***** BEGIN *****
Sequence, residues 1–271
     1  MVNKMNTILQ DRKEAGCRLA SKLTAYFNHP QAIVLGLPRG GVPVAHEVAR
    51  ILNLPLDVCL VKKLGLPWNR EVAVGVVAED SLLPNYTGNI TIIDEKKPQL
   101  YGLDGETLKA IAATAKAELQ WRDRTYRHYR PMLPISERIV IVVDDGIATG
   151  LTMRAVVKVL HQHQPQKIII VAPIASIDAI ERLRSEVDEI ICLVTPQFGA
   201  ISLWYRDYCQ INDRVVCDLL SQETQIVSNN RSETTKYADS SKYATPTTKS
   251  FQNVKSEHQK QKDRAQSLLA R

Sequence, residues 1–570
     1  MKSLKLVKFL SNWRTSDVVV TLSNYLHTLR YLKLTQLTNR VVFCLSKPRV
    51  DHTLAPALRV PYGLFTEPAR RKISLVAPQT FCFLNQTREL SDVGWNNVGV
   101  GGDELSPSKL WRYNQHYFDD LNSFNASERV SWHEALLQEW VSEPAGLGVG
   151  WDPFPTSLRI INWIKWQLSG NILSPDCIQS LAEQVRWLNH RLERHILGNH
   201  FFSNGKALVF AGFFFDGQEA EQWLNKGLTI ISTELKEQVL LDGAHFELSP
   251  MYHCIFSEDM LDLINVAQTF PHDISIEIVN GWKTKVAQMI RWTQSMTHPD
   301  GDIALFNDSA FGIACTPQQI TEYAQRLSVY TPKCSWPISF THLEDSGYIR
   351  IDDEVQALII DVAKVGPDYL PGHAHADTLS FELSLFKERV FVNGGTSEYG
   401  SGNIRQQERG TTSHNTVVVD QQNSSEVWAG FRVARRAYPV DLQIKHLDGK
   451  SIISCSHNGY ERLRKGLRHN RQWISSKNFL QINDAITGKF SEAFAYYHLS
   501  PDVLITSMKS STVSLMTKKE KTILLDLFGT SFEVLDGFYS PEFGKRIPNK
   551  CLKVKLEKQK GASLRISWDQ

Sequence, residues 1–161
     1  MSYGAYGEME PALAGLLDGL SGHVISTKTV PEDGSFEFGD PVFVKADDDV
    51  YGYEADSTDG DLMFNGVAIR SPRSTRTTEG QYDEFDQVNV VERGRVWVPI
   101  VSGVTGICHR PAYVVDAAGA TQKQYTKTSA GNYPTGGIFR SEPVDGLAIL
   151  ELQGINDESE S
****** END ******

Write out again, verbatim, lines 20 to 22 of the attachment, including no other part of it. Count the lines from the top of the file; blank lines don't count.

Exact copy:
   551  CLKVKLEKQK GASLRISWDQ

Sequence, residues 1–161
     1  MSYGAYGEME PALAGLLDGL SGHVISTKTV PEDGSFEFGD PVFVKADDDV